I’ll admit it. I had a bad taste in my mouth when I visited Town Branch. I couldn’t quite figure out why they were part of the main Kentucky Bourbon Trail when they just started making whiskey. In my mind, they should have been part of the Craft Tour. Small shop, limited distribution, product that wasn’t quite there as far as I was concerned. But they are part of a much bigger company, so what do I know?
I’d tried the Town Branch Bourbon when I was at the Kentucky Bourbon Festival last. It was the year after they became part of the Trail. I figured that if they were part of this collective marketing alliance, they must be ok. I mean, if you’re the new guy, and you put yourself among all those logos, you’re borrowing their goodwill. And, if—by extention—you suck, you are using up a bit of that goodwill. Spending it and it can never be recovered. So I figured it must be, at least, ok. I tried it…it wasn’t. It was terrible. It became the first bourbon that I actually disliked. I couldn’t find one nice thing to say about it.
I do the Kentucky Bourbon Trail passport program because I like getting the T-shirt and because I would probably be stopping at most of these places anyway as I travel through Kentucky. I like T-shirts. It was because I want to get the T-shirt again that I decided that I needed to give Town Branch another chance. Plus, my wife likes their beer. And I was starting to belive that the sample I’d had a year and a half previously must have had something wrong with it. Or maybe the food I’d been eating screwed up my palate. In any case, it was time to try again.
So I walk in and pay the $7 each to take the tour. As part of the tour, you get 4 tasting tickets. Each ticket is worth one sample. You’ll need to employ a little strategy here. You will only get to try half of the items they offer for sample. They have 5 beers and 3 spirits. I used three of mine on the beers and one on the spirits. My wife did two and two.
As we waited for the tour we stood in the gift shop. It’s a very pretty shop. They made it up to look like a Dublin street scene. While we waited, I heard the guy working behind the counter council a few other soon-to-be tour takers to give Wild Turkey and Four Roses a miss. I was shocked, but seeing as the secret that is Four Roses has been leaked, I’m ok that there won’t be four more people in the competition to get their hands on some.
Soon enough the tour starts and as is standard in a Bourbon Trail tour, we watched a video. After the video we were led across the road to see the brewery portion of the tour. One thing I liked about the tour is that this is both a working brewery and a working distillery that makes both bourbon and malt whiskey. In the brewery portion, you get to learn about the beer making process from start to finish, including the ancient bottling machine (which was pretty cool to see). The other thing you get to learn about is the pre-distilling portion of the malt whiskey process. It uses basically the same ingredients and the same equipment. It just gets piped across the street to the still instead of being hopped and bottled. Then it’s on to the samples. I tried the Kentucky Ale, the Kentucky Kölsch, and the Kentucky Bourbon Barrel Stout.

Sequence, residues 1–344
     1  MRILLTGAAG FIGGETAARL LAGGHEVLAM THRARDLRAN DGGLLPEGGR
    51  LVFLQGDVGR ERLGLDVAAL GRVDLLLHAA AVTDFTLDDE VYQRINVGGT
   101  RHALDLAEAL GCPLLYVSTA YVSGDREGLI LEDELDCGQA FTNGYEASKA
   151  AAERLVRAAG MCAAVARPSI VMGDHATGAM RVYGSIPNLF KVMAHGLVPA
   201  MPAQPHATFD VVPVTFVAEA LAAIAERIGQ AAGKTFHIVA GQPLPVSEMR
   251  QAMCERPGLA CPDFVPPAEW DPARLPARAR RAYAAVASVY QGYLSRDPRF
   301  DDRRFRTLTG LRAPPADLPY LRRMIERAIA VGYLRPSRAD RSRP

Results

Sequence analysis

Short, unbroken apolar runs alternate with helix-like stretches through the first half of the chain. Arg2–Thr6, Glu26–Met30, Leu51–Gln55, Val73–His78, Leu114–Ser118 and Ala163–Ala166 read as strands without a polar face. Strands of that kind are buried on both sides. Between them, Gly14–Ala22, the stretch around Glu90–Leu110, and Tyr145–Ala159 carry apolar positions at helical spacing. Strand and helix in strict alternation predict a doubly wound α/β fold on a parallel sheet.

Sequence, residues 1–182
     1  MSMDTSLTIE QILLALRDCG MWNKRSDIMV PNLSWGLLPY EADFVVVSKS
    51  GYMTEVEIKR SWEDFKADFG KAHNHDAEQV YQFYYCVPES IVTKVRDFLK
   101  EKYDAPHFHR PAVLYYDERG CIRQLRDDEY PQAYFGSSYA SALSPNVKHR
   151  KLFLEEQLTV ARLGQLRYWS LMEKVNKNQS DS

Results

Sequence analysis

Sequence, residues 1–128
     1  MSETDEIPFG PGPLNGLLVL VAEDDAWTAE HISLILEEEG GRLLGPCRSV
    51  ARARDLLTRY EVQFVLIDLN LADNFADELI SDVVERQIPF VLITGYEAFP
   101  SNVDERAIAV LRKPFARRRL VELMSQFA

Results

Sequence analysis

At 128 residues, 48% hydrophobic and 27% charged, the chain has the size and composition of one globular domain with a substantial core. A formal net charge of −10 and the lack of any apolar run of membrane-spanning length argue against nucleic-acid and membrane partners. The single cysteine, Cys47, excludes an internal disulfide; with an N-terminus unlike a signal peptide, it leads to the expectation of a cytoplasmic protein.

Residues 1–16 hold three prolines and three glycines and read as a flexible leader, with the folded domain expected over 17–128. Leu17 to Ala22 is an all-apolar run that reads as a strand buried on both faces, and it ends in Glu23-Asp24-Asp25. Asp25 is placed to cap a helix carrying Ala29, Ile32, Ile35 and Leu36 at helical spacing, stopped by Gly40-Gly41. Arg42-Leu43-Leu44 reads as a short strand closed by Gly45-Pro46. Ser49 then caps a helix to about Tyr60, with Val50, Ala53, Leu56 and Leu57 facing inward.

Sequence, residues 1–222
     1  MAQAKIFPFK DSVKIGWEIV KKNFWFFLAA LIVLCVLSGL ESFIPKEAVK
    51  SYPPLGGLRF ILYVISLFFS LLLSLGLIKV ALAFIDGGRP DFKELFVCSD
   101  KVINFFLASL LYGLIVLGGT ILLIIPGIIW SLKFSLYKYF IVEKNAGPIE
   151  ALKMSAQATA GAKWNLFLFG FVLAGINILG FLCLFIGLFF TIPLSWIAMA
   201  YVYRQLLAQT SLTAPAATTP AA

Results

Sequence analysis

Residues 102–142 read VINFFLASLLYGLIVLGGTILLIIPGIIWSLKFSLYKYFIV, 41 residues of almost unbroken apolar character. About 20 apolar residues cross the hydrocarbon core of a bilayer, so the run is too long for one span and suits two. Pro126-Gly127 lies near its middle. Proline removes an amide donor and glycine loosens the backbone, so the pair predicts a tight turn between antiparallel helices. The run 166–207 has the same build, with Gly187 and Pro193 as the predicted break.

After the brewery, we walk back across the street into the distillery portion. The first thing you see is a large stack of Woodford Reserve barrels. I thought this a bit odd at first until I realized that one of this company’s most famous products is a bourbon barrel-aged beer. All of a sudden, it made sense. They’ve been making the beer a lot longer than they’ve been making whisky. After the tour guide shows us around the bottling area we moved into the bourbon fermenting area and still room.
The bourbon fermenting area and still room has been written about a lot. And with good reason. This is a beautiful room. Rough stone, floor to ceiling glass walls and stills displayed as the showpieces they are. It really is a pretty space.
Then came the spirit tasting. I gave the bourbon another try while my wife tried the Pierce Lyons Reserve and the Bluegrass Sundown. Pierce Lyons Reserve is a malt whiskey and the Bluegrass Sundown is a coffee liqueur made using bourbon. I can’t really say how good the PLR was as I don’t have much to compare it to. But it didn’t make me want to dump it out. The coffee liqueur was served by making it into a miniature Irish Coffee style drink. Quite tasty. The Town Branch bourbon…well this is normally where I would do tasting notes. I’m not doing that because I couldn’t bring myself to buy an entire bottle for one tasting. I knew I’d have to figure out what to do with it later since I wouldn’t want to drink it. In place of a formal tasting note, I’ll quote a tweet that I published after giving it another try:
I disliked the bourbon as you can see. My thoughts on their bourbon aside, you should probably give this place a look. I liked the tour quite a bit. Some of the beer is quite good. I picked up a four-pack of the barrel-aged stout to bring home with me after I visited. People, including my wife, seem to love the barrel-aged ale (I find it too sweet). The Kölsch is tasty enough. The coffee liqueur is pretty good too. The tour guide was entertaining. And it really is a show-piece of a stop. And if all that doesn’t get you, there’s always the free T-shirt it will help you earn.